ex post inequality= -0.1*collective risk-0.1*ex-ante inequality+1.1*individual risk

with a R² of 97%.


When I checked the authors’ regressions with their data, which they sent me, I found that the variance inflation factor (VIF) in their main regression (Table 6) was 11.45, which is really very high.


Other indications that something was wrong was the change in the sign of the parameter on ex-post inequality in their regressions depending on the specification (table 6, γpost=0.680, then -0.295, then -0.093) and the authors’ inability to distinguish between their hypotheses in a non-parametric way (page 117).

Finally, and most significantly in my opinion, the authors’ conclusion on page 119, which is that people like ex-post inequality and higher social risk, flies in the face of common sense — and worse yet, contradicts my findings ☺  I think I would have missed the econometric issues with their paper if the authors’ conclusion had been less preposterous.

In my own paper on the topic, I look at the same issue but rather than vainly trying to distinguish those two aspects of social risk econometrically, I underline ex-post inequality in one condition, and I underline collective risk in the other, by changing the visual representation of payoffs. In the graphs below, I show the same social lottery, but in the first case payoffs are shown side-by-side, so the focus is on ex-post inequality, while in the second case payoffs are shown added-up, so the focus is on collective risk.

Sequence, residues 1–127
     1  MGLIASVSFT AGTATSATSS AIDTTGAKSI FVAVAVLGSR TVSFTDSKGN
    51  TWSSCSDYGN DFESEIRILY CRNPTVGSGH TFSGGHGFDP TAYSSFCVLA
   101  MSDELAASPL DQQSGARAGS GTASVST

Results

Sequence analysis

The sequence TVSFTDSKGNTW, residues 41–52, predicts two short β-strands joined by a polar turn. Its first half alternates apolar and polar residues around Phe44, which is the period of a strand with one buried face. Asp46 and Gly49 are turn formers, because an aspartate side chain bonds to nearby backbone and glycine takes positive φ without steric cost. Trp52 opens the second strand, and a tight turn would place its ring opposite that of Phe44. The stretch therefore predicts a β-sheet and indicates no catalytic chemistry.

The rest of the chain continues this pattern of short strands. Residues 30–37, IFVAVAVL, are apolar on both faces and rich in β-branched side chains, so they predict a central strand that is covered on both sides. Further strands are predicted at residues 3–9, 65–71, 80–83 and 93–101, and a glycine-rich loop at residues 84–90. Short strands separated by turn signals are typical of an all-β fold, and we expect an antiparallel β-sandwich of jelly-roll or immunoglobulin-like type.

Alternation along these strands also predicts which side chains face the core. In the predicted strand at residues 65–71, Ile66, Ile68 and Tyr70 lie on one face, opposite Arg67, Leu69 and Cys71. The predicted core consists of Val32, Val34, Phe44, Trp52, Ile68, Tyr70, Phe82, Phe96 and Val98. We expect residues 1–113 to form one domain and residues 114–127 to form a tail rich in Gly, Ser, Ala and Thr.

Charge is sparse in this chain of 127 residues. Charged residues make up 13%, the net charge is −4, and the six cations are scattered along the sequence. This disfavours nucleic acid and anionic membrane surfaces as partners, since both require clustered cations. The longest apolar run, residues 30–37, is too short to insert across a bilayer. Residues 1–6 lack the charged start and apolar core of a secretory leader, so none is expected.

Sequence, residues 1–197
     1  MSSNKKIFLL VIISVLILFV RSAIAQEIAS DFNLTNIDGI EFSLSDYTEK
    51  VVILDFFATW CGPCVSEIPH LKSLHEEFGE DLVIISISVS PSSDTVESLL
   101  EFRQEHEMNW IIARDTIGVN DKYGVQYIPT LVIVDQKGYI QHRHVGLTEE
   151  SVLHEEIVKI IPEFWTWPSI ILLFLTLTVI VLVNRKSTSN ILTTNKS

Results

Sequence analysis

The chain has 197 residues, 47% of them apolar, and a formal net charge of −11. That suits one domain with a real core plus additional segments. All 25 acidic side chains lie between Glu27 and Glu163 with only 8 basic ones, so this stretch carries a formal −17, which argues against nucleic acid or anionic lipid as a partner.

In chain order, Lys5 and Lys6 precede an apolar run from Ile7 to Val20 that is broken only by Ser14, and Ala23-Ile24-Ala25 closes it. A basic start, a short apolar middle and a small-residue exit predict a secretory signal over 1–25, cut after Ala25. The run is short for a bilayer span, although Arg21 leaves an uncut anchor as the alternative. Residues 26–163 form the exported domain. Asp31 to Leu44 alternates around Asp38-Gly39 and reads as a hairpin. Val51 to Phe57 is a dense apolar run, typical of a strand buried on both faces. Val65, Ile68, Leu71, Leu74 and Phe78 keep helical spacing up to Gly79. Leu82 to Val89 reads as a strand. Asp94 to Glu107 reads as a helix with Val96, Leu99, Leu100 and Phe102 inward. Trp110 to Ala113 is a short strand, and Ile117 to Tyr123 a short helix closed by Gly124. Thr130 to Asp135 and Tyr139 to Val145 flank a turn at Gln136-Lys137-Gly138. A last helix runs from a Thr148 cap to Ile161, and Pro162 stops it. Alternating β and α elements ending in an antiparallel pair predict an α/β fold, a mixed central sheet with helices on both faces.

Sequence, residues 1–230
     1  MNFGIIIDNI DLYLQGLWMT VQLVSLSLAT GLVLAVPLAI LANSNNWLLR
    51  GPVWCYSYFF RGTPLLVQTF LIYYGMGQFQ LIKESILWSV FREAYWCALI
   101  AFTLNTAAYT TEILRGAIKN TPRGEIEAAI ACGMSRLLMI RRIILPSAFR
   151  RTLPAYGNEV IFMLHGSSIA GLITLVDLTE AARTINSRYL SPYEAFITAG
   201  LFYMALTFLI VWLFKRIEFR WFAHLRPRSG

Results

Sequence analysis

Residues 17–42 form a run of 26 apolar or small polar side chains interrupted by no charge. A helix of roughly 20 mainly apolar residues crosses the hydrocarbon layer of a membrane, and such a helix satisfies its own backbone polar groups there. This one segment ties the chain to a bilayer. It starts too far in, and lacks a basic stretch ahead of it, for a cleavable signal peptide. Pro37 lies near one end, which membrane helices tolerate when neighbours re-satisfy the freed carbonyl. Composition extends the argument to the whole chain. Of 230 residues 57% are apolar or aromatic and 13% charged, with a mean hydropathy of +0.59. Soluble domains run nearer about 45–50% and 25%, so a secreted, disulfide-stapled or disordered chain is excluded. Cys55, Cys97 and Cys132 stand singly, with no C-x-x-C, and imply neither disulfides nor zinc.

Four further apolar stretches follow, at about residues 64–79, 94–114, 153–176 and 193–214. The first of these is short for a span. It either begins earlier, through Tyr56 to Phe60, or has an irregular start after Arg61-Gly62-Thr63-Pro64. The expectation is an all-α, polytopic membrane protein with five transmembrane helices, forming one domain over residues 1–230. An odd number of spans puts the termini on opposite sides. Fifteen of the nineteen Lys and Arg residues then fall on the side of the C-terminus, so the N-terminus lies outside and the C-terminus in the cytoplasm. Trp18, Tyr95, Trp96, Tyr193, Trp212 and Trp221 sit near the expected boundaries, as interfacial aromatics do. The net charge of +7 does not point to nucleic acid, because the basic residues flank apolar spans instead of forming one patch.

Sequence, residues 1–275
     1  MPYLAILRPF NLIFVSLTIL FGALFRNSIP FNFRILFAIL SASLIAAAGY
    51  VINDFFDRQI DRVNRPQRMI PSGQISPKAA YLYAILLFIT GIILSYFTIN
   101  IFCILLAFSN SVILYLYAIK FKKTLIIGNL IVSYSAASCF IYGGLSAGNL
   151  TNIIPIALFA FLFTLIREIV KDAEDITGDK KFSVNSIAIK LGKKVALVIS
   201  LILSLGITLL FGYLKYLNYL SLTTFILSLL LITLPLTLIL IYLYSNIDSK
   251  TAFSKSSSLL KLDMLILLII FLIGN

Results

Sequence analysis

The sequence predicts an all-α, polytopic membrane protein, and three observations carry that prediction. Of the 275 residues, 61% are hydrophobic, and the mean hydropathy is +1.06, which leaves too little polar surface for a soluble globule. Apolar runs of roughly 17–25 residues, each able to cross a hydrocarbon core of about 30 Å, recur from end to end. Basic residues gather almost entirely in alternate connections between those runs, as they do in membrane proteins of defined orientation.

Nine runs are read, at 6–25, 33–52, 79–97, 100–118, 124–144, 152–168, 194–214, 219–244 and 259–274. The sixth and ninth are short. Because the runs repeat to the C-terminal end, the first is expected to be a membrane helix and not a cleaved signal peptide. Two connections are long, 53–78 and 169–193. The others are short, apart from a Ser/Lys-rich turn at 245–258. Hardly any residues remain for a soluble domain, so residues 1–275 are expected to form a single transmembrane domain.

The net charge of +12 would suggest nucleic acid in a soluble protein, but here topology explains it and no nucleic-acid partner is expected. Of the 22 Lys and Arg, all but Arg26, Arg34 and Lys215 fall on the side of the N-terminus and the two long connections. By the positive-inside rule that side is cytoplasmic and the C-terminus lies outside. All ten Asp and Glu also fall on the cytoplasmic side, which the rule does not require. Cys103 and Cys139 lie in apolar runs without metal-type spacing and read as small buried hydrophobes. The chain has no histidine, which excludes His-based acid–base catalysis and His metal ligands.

Differences in choices across subjects who were presented either one or the other representations allowed me to conclude that people care most about ex-post inequality and only very little about social risk. Beyond those results, I also found that only a minority of subjects do consider the risk carried by the other subject in their decision. However, preferences of that minority are sufficiently one-sided to have a significant overall effect against ex-post inequality in outcomes.

More details in my paper:


5 thoughts on “Multicollinearity and social risks: A problem in the Journal of Risk and Uncertainty and my solution

  1. Alexia, your opening paragraph is misleading. Collinearity (the “multi” is redundant) is ubiquitous in econometric applications. We don’t, though, need to worry about it in the following fundamental sense: standard errors (and other measures of sampling variability) fully reflect the collinearity. There remains an issue: there is less information per observation if the covariates are highly related, but this is essentially the same issue as just having a smaller sample size, and thus neither of these problems is a challenge to inference in the sense that model misspecification is a challenge to inference.